By Carrie Bengston
A new degree at James Cook University will train future generations to master a growing network: the Internet of Things.
Drones hovering over a rainforest map the spread of invasive weeds. A buoy bobbing in the ocean near a reef measures sea temperature for climate change research. A tractor in a field uses GPS and soil sensors to tell farmers precisely where to sow for optimum crop yields.
Sensors and other devices are becoming more and more interconnected in what’s called the ‘Internet of Things’ – a network of drones, phones, smart electricity meters and all other devices, which, like computers, have an IP address.
By 2020, there will be 29.5 billion devices around the world connected to the internet. Tech analysis firm, International Data Corporation, forecasts that almost a third of these devices will be in the Asia–Pacific region. This growth stems mostly from government initiatives, particularly in China, and companies worldwide are eager to grab their share of the market.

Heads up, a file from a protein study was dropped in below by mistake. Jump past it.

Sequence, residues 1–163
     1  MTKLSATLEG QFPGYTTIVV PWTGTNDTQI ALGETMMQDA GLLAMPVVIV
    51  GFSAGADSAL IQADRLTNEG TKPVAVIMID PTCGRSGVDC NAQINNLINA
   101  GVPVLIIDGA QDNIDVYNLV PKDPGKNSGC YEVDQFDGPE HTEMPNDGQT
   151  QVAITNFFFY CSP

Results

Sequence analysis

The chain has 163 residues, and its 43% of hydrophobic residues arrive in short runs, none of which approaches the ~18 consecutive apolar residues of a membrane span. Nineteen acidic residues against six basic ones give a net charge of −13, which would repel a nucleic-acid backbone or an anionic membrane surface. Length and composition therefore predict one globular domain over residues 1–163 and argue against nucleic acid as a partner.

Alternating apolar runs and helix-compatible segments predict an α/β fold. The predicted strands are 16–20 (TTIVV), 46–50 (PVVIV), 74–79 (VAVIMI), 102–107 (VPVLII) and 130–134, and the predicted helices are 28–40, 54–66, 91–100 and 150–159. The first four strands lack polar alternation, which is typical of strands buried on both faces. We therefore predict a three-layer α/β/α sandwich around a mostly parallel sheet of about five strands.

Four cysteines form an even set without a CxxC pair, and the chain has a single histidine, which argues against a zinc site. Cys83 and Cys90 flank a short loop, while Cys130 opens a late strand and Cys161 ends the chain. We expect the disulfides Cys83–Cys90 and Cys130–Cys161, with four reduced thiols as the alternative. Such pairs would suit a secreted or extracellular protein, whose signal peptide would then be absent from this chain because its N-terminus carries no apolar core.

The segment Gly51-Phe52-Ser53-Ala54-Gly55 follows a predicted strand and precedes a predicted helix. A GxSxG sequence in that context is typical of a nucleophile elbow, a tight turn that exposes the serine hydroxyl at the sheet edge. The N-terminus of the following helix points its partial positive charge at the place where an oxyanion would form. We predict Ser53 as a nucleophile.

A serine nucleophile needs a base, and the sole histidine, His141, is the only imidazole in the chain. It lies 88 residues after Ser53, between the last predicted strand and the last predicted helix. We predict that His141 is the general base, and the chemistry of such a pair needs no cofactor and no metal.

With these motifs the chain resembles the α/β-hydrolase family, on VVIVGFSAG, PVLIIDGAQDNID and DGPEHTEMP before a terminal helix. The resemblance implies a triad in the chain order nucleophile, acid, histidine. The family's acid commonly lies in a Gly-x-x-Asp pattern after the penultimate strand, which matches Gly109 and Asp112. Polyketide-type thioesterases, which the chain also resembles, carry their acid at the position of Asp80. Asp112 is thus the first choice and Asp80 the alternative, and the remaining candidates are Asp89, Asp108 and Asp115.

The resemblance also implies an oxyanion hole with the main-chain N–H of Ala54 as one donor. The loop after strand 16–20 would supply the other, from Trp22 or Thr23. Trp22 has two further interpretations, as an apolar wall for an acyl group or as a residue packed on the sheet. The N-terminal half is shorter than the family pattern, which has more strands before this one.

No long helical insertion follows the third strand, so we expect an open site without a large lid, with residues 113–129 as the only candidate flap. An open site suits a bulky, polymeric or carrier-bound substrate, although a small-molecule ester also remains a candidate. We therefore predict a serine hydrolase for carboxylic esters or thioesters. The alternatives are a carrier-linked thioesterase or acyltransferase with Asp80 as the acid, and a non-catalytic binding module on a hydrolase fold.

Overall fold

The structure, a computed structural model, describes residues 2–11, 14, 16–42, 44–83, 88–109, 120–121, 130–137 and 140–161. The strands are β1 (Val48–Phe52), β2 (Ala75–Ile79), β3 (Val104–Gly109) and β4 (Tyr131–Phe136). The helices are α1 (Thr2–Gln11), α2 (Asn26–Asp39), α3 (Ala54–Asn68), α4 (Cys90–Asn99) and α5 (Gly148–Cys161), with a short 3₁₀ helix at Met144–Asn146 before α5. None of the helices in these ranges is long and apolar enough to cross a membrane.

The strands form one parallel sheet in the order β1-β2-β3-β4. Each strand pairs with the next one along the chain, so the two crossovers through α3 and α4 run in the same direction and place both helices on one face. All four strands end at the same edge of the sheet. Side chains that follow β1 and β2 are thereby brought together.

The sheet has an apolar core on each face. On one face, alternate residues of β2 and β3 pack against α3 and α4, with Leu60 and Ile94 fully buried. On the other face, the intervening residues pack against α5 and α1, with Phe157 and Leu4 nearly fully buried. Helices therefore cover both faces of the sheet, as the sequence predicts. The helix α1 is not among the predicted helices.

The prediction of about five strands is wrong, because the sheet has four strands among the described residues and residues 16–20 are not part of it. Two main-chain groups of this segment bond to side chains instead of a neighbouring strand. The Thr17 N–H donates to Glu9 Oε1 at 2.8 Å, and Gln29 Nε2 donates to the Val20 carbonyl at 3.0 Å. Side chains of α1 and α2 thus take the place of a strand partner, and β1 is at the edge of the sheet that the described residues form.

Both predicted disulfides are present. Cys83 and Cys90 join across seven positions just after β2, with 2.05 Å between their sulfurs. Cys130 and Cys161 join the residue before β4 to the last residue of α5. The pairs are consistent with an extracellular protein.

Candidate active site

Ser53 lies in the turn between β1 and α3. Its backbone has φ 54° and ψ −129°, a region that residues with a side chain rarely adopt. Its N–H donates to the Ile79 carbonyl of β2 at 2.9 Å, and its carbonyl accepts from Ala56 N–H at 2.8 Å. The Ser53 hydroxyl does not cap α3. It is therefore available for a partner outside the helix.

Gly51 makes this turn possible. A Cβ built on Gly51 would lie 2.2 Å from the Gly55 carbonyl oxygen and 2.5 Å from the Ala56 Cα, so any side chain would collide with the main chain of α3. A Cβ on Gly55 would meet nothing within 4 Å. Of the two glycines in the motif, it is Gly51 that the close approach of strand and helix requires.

James Cook University (JCU) in Queensland is responding by introducing a Bachelor of Engineering in Electronic Systems and Internet of Things in 2016. It’s the first degree of its kind in Australia, and one of the first in the world.
“We’re excited about this new degree,” says Rabin Tuladhar, senior lecturer and associate dean at JCU’s College of Science, Technology and Engineering. The program will combine engineering and business with technology, to train people in creating new internet-connected devices and managing the huge amounts of data they produce. “Our graduates will not just look for jobs – they’ll create them. They’ll be self-starters, problem-solvers and entrepreneurs,” says Rabin.
Author: STEM Contributor
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